If the tops of your radiators feel cold, while the lower sections get nice and toasty, then air is almost certainly trapped in the system. This means it’s time to bleed your radiators.
Bleeding radiators releases the trapped air, allowing hot water to circulate throughout the whole emitter, rather than getting stuck at the bottom. You should bleed your radiators at least once a year – ideally before the heating season begins!
The good news is that bleeding radiators is a simple DIY job that can improve the health and efficiency of your heating system, giving you a warmer home and saving you money by reducing your energy bills.
Our simple DIY guide will show you how to successfully bleed a radiator.
You will need
The first thing you need to do is turn on the heating. This will build up the pressure in your central heating system, so that any air rises to the top of the radiators. Make sure the radiators are fully on (open the intake valve or TRV to its highest setting) and wait until all of them have heated up. You may need to temporarily set your main thermostat to a higher temperature so that all the radiators come on.
You may want to wear gloves for this step, to minimise the risk of burning your hands. There are a number of tell-tale signs that your radiators need bleeding, including:
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If your radiators feel cold at the top and hot at the bottom, this may indicate a build-up of sludge has settled (usually caused by corrosion). The individual radiator or the whole system may need flushing to remedy the issue. The latter job is best undertaken by a heating engineer.
Before you bleed the radiators, you’ll need to turn the heating off again and allow the radiators to completely cool. If they’re still warm, hot water is likely to spurt out when you open the valve.
This should be located at the top of the radiator, usually at one of the ends. There are various configurations, but most look like a shallow hole with a square inside. The square is the part you’ll need to turn to release the air.
On some models the location may be different (you may find it on the rear of the radiator, along the top section, for instance). Note that modern screwdriver-operated versions look slightly different – they tend to have an extra piece with a nozzle.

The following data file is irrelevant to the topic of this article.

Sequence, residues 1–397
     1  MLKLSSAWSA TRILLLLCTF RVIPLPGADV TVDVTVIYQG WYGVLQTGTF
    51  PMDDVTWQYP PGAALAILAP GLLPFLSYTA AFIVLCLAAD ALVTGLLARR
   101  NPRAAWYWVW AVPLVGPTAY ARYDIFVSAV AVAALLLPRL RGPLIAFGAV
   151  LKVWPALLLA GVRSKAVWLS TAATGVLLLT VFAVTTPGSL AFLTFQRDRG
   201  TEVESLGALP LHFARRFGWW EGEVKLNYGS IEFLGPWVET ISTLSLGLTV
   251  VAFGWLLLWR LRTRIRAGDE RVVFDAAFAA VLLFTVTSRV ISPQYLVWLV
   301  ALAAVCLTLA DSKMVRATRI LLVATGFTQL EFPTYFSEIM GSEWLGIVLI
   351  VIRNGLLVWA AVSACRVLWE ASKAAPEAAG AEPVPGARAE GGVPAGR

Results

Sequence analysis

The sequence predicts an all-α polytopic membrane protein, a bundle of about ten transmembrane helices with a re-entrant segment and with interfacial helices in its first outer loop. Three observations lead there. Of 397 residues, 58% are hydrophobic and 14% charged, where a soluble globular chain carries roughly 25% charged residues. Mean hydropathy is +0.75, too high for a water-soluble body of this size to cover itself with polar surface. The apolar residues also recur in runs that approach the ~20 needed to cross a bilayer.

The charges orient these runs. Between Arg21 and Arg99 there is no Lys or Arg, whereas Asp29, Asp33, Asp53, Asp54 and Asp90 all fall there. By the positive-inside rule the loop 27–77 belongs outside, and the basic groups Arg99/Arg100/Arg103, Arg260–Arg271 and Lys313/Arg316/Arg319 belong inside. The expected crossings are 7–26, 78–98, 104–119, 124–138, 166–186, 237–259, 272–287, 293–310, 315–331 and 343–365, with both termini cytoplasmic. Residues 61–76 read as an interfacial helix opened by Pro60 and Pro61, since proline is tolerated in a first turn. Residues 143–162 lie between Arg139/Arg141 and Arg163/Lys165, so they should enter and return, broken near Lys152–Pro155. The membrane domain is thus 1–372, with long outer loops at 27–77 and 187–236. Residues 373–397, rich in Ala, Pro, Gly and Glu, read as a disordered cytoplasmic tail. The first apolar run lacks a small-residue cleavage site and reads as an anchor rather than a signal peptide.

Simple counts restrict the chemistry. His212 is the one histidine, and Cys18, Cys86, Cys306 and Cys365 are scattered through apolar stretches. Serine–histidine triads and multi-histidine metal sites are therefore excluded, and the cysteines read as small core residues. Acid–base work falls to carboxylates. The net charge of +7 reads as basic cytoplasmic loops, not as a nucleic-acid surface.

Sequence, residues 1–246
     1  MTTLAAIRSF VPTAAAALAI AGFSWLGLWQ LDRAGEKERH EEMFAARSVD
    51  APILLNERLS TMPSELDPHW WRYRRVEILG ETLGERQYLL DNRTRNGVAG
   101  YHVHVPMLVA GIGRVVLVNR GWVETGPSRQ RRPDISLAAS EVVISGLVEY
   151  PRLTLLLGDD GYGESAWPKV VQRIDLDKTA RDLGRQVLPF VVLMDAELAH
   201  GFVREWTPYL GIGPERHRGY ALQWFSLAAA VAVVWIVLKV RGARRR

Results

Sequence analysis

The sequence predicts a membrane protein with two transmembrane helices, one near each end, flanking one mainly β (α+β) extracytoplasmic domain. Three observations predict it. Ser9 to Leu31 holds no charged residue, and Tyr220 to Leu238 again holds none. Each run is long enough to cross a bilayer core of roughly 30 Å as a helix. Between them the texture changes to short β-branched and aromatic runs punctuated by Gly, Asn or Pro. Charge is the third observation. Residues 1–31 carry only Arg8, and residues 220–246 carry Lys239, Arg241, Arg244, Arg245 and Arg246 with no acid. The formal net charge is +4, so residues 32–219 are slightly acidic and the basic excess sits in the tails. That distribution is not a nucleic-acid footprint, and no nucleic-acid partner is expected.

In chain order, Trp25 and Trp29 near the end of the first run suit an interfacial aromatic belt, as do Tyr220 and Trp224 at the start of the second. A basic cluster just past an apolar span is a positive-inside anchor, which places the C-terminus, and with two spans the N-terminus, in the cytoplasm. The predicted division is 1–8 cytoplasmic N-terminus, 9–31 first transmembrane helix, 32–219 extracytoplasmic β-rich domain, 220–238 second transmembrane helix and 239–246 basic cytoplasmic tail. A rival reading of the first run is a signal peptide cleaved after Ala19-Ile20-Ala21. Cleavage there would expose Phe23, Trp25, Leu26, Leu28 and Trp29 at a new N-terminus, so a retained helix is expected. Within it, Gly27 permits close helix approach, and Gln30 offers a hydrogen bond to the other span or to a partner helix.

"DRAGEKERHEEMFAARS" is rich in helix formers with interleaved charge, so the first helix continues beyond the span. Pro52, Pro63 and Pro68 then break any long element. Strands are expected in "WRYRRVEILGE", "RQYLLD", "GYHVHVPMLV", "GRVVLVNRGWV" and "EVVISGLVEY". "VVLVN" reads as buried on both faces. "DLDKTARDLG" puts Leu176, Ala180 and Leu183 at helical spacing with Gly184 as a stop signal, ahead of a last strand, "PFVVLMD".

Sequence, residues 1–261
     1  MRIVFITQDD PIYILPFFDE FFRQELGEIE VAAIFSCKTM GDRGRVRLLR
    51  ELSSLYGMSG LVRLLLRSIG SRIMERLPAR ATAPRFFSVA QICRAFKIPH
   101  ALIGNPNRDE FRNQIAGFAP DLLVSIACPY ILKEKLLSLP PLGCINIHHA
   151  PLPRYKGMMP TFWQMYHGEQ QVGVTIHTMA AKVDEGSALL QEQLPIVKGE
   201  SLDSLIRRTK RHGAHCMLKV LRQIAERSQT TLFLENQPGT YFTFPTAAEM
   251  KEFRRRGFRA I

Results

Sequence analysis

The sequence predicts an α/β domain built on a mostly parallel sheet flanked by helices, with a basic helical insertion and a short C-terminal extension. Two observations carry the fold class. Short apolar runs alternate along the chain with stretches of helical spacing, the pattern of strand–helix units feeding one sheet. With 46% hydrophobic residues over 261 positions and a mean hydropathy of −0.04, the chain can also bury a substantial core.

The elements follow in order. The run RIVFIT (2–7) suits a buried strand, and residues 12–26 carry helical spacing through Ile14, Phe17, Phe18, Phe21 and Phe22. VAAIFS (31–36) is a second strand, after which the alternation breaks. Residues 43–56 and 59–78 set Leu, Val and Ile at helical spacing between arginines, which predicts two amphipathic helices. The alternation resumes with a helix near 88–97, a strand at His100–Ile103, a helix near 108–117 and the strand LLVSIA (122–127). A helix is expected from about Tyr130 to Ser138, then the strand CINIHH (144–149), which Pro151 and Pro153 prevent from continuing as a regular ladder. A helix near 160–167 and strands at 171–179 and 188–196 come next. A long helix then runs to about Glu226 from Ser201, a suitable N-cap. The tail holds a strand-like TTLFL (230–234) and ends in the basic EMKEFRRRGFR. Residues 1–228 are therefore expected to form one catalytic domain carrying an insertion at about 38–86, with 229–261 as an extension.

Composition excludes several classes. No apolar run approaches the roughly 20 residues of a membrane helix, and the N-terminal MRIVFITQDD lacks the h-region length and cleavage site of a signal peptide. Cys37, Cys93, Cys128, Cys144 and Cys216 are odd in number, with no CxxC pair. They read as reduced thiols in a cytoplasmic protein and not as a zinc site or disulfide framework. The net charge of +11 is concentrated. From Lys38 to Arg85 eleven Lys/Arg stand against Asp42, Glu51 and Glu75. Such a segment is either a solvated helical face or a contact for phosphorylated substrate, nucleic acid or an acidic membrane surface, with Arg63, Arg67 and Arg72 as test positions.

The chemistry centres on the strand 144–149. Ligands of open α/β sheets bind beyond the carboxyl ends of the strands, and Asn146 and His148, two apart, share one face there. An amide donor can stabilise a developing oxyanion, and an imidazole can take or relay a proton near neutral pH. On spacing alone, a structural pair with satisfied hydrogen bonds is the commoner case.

Grab your radiator key and attach it to the square nut in the centre of the bleed valve (in some cases you can use a flathead screwdriver). You’ll need to slowly turn the screw anti-clockwise to loosen it. Half a turn should be enough to allow any air to hiss out.
Be sure to keep your cloth beneath the valve to catch the water. Keep bleeding the radiator valve until you see a steady stream of water. Modern versions usually have a small nozzle that allows a small amount of water to jet out.
Once the hissing sound as stopped and water starts to trickle out with no spluttering, that’s your cue to shut the bleed valve (by turning the key clockwise). Make sure it’s tight, but don’t overdo it as this could damage the valve. Wipe away any excess water to prevent any risk of rusting, then move on to the next radiator.
Before you switch the heating back on, it’s best to check the boiler is still operating within its recommended pressure level. This is usually between 1 and 1.5 bar (around 15-21 psi). Your boiler should have a pressure gauge on the instrument panel, with an indicator needle that should be resting in the green section.
It’s possible that bleeding radiators could drop the pressure too low – in which case you may need to top up the boiler pressure up using the filling loop.
Once everything looks normal, switch the heating on again and allow the radiators to warm up. Check they feel hot all over (if not, some may need bleeding again) and inspect them to ensure there are no leaks from the bleed valve. If all the radiators are working as expected, congratulations – you’re done!